Now: I use ice cubes, without the cheesecloth. I drop one or two ice cubes into the gravy and allow the fat to stick to the ice. Remove the ice cubes with a spoon.

Then: Sperate egg yolks by breaking the egg through a funnel. The egg whites flow through and the yolk stays in the cup.

Now: This works, although it seems like an unnecessary amount of work. Purchase an egg separator from the dollar store, if you prefer to use a kitchen tool to separate an egg.

Then: To peel citrus fruit for a salad, pour boiling water over them and let stand for five minutes. The white part will peel off with the skin leaving the orange clean.

Now: I tried this tip, and while some of the white peel was removed, but the orange became mushy and unappetizing.

Then: A little lemon juice added to the water in which rice is boiling will whiten it.

Now: The change in colour by adding a small amount of lemon juice is hardly noticeable; however, adding two tablespoons of lemon juice to one cup of water, changes the flavour to zesty and the colour to a light yellow. It’s a nice ingredient to add in order to switch up an old dish. Add broth and butter for an even bigger change.

Discovery that really POPS

The following is one of my favourite discoveries for 2020. For an easy snack option, make your own healthy popcorn. Choose a tall microwave safe plastic container. Rinse the container and pour out the water, but do not dry the bottom of the container. Drop one quarter cup of popping corn kernels into the container. Salt the kernels. Place a lid on the container, the lid should be larger than the container and should not be snapped close, it should just lay over the top to prevent the popcorn from flying out. Pop the corn in the microwave for about two minutes, depending on the strength of your microwave. No need to add oil, butter or margarine. The small amount of water on the bottom of the container is enough to allow the salt to hold onto the kernels. Season as desired and eat. Healthy, cheap and delicious!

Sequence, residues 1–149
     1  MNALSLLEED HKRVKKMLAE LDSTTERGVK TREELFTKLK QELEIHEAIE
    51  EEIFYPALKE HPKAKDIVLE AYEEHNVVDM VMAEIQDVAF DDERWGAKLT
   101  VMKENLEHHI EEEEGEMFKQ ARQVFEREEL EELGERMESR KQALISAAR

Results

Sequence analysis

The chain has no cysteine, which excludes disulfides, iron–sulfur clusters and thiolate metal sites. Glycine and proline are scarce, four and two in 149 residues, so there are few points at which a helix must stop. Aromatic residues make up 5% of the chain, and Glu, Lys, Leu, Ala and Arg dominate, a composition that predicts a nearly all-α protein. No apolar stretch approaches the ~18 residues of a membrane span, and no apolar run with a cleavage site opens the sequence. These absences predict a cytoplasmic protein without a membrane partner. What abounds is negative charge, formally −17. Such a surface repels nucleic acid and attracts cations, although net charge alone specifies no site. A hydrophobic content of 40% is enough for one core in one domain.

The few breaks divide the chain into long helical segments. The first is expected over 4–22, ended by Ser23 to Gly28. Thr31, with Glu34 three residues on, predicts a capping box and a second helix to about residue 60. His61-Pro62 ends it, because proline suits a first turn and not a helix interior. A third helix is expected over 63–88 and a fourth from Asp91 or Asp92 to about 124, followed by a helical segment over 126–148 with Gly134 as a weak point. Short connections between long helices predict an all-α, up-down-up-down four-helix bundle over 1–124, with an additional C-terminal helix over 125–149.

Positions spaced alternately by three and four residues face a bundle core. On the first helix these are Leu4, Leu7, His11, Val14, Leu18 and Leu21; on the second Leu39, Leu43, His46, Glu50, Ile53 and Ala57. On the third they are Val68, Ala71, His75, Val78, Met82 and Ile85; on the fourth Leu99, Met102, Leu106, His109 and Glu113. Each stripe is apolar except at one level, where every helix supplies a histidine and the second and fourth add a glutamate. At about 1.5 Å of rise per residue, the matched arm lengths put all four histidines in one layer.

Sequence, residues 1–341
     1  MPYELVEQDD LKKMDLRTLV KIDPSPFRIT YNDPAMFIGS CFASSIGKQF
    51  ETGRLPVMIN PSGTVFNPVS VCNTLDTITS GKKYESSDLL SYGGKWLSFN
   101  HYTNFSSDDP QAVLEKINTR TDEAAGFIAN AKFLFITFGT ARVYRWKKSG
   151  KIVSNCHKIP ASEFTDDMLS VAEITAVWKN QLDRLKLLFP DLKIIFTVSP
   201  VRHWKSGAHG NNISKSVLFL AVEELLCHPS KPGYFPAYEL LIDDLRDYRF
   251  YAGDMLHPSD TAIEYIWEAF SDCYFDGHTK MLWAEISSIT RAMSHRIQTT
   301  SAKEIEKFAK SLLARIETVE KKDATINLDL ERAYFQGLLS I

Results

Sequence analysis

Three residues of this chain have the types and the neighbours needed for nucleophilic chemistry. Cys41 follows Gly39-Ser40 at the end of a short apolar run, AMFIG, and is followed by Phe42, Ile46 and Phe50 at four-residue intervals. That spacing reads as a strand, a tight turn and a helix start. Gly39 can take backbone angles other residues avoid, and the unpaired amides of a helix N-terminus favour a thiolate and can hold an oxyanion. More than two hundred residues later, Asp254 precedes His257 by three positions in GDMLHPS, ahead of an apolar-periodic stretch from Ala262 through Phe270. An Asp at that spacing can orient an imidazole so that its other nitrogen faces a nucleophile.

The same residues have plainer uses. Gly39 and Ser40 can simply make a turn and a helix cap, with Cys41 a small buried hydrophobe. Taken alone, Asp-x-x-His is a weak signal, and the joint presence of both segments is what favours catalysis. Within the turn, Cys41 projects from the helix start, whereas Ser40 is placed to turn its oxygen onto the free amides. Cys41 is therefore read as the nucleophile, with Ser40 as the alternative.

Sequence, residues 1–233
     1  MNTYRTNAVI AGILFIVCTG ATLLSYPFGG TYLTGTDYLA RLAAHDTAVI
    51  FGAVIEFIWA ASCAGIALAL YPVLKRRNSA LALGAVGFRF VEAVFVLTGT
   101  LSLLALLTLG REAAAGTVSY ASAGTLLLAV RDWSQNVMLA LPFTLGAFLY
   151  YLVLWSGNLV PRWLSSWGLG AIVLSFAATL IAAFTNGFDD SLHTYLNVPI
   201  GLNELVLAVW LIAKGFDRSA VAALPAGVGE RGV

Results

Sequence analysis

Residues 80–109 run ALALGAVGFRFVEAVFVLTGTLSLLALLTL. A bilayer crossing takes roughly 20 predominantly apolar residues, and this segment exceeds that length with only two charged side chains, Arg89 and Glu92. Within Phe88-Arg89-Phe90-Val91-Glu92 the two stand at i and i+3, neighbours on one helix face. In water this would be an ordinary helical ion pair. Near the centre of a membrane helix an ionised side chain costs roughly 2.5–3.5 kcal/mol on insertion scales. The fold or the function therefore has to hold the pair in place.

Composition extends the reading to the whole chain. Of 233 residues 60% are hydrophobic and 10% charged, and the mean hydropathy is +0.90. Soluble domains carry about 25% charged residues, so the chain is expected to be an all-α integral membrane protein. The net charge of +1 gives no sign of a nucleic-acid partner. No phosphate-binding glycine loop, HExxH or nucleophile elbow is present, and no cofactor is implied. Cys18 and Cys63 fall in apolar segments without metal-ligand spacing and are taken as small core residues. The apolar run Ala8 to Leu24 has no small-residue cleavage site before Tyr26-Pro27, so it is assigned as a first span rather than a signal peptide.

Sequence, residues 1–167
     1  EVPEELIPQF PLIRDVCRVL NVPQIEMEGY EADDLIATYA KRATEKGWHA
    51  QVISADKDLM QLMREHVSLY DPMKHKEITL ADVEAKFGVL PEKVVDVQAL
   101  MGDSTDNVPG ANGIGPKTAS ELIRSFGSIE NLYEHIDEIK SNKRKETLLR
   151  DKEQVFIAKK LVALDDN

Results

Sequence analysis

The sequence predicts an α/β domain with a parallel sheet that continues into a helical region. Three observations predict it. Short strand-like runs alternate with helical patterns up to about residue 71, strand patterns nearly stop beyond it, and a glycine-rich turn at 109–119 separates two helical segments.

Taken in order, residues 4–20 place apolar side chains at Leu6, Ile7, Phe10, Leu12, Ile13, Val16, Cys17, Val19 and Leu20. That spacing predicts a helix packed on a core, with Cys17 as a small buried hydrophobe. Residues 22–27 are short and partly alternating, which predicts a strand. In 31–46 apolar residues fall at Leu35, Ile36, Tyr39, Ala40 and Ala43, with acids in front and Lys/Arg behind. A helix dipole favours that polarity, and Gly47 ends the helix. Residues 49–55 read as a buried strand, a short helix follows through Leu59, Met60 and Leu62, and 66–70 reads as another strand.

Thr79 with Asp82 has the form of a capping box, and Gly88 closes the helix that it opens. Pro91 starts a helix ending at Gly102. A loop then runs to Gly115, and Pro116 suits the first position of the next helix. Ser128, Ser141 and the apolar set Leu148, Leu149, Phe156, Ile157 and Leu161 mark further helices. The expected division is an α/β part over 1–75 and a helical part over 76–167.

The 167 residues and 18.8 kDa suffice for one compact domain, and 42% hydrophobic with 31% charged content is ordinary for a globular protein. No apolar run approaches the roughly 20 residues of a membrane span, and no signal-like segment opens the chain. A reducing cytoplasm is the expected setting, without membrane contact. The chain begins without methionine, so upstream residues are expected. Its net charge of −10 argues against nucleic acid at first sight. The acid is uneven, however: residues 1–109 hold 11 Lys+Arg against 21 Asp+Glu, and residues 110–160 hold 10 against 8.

Note: Every user assumes all risks of injury or damage resulting from the implementation of any suggestions in this column. Test all products on an inconspicuous area first.

Have a great suggestion or tip? Please send an email at: info@reena.ca. Reena Nerbas is a popular motivational presenter for large and small groups; check out her website: reena.ca.

 

Reena Nerbas 
December 26

Renovation & Design

Stucco on you

Laurie Mustard 
December 26

Renovation & Design

Winter sewer smell likely frozen stack

Ari Marantzask the inspector 
December 26

Renovation & Design

Great first impression

Marc LaBossiere
December 26

Renovation & Design

Burn with caution to keep everyone healthy and happy

Question: My neighbour is installing a new high-efficiency wood stove in his home, and I have a question about the required chimney height above the roofline. We live in the West End, our houses are only six to seven feet apart, and I am concerned about smoke being properly ventilated. His chimney is coming up the south side of his house, at the lower end of his 21/2-storey roof line. My 21/2-storey house, to the south of him, is several feet higher. I am concerned that the wind from the north or west may negatively affect air quality in my home, if his chimney is not sufficiently high enough above the roofline. Are my concerns valid? Do you have any recommendations in this circumstance? — Matt H.

Answer: Your concerns with smoke-related issues for your home are certainly valid and will depend on the frequency of use of the new wood stove and the configuration of the upper portion of your home.